Over the last six years, the gap has completely closed. According to Jespersen, 2020 was the first year in school history that Latino students had a higher graduation rate (91.48%) than white students (91.25%) — the Latino graduation rate numbers improved nearly 7% from last year.
The 91.25% Latino graduation at McNary is 12% higher than the state average.
“It’s so incredibly gratifying to know that if you are walking in our hallways, the chance you are going to have success is extremely high and it propels you to be a successful citizen for the rest of your life. It just matters. We don’t have gaps at our school. We serve all of our kids. It’s a really great feeling,” Jespersen said.
State Rep. Bill Post resigns
After announcing in late September that he had moved to Nevada, Republican state Rep. Bill Post told the Keizertimes that he would be resigning from his position as the House District 25 representative effective Nov. 30. Post had originally said that he would continue to serve as state representative while living in Nevada.
“After further discussions with an elections attorney and talking it over with my wife, it appears that the best action I can take for my district and my family is to resign before my term is over and give my successor a chance to serve during the 2022 Short Legislative Session,” Post said in a press release sent to the Keizertimes.
Post has been a resident of Keizer since 1994 and has served as state representative for Keizer, St. Paul and Newberg since 2014. While Post had announced in early September that he would not be seeking re-election, his current term wasn’t set to officially expire until January 2023.
Wing calls it a career after 32 years at Gubser
Wally Wing has spent the majority of his life in the gym.
Whether it has been coaching or teaching physical education, Wing has been dedicated to imparting wisdom to youngsters for nearly four decades.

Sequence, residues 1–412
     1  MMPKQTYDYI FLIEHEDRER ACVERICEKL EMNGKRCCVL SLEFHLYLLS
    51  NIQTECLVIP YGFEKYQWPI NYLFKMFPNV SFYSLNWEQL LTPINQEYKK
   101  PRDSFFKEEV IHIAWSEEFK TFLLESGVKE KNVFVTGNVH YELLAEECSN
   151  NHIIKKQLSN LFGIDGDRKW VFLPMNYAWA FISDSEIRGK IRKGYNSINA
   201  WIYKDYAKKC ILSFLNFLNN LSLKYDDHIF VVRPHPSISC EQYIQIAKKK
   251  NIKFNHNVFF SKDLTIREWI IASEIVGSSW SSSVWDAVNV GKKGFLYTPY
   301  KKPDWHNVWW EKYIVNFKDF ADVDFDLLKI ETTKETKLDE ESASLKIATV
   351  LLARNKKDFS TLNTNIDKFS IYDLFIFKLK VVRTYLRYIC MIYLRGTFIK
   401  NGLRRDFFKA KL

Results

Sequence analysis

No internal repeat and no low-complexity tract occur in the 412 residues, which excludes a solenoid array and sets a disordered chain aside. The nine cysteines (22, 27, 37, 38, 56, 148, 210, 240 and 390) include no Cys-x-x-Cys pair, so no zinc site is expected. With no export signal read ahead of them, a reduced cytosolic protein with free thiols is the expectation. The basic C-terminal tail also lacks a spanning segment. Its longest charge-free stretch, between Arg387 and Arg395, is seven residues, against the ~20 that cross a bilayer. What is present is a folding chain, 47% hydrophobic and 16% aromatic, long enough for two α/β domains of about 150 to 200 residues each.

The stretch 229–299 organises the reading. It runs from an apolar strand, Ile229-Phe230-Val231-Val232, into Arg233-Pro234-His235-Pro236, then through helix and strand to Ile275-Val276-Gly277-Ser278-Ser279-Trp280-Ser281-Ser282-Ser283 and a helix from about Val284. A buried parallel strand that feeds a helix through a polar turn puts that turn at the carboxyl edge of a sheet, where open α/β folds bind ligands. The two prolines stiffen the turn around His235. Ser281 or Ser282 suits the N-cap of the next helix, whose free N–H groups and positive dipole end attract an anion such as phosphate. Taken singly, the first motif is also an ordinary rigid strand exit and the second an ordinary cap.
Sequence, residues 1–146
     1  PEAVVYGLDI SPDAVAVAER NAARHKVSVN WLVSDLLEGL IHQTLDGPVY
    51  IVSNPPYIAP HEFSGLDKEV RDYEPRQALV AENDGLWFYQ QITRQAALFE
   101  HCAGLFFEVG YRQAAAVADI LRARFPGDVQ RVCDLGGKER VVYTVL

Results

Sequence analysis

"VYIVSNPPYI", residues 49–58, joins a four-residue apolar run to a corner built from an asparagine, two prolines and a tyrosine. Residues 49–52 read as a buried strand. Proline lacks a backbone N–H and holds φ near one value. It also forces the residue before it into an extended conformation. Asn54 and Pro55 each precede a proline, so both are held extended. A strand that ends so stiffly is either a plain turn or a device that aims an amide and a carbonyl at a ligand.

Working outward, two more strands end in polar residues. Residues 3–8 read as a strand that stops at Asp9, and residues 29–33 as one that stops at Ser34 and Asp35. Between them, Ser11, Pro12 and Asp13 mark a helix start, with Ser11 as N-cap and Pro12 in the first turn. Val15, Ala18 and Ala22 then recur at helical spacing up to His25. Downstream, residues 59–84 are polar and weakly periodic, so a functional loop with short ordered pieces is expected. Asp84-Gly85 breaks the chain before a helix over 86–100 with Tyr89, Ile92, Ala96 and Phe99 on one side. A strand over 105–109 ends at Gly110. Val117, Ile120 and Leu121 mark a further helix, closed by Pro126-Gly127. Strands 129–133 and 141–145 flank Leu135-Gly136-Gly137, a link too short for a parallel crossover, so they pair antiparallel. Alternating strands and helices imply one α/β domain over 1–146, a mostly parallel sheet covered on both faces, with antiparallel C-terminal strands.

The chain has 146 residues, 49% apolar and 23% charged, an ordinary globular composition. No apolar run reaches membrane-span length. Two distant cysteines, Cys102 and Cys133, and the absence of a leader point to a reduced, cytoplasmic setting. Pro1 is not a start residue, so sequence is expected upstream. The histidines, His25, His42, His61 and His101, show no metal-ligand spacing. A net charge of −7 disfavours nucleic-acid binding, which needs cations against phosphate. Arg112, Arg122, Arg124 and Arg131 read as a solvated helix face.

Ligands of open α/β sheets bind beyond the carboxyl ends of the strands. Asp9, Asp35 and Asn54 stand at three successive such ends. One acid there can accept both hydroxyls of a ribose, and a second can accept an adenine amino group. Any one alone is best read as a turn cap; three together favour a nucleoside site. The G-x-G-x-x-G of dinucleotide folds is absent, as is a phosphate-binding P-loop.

But after 32 years as a physical education teacher at Gubser Elementary, Wing decided that it was time to enter the next phase of his life: retirement.
“You know it’s time to retire when your old office gets bricked in. Or when your ID number for (SKSD) is three digits when everyone else’s is seven or eight,” Wing said with a smile.
Some people may get weary of working in the same place for more than 30 years. But Wing couldn’t ever see himself at a different spot.
“Even though it’s the same school, it’s new kids every year, with new challenges. I always felt that the kids were the most important. It just seemed like when I went to look at other positions, high school or middle school, I could never find what I thought was a better thing for me to do,” Wing said.
Along with teaching, Wing also served as the primary assistant coach for the Willamette University men’s basketball team, which was one of the most successful small-college programs in the Northwest during his tenure.
Wing was a part of the Willamette coaching staff from 1987 to 2009 and helped coach the Bearcats to the NAIA National Championship in 1993 when Willamette achieved a 29-4 record.
“(Wally) displayed a special talent in being able to connect with players of all ages. He was an excellent teacher of the game who stressed correct skill execution. He taught the fundamentals of the game, but most importantly he taught the fundamentals of life,” said former Willamette head coach Gordie James.
Chick-fil-A gets council greenlight
Construction of a Chick-fil-A near Keizer Station moved one step closer to reality at a meeting of the Keizer City Council Monday, Feb. 1.
Councilors approved changes to a master plan that removes a proposed auto lube business to accommodate additional parking for the fast food restaurant.
“We’re super-excited to be part of the community and see this project get going,” said Steve Schwartz, development manager for the Atlanta-based chain.
Asked by Mayor Cathy Clark what prompted the restaurant to choose Keizer, Schwartz said it was partly based on the success of locations in the Portland area.
“Keizer had great commuting patterns and was very business friendly as well,” Schwartz said. He commended Shane Witham, Keizer’s interim community development director, in particular.
The 128-seat location could create as many as 80-100 jobs for the area, Schwartz said.
If things go according to plan, the Chick-fil-A will be located in a space between Chemawa Road Northeast and Ulali Drive Northeast. The space is south of Keizer Station and will become the first development in an area identified as Chemawa Station.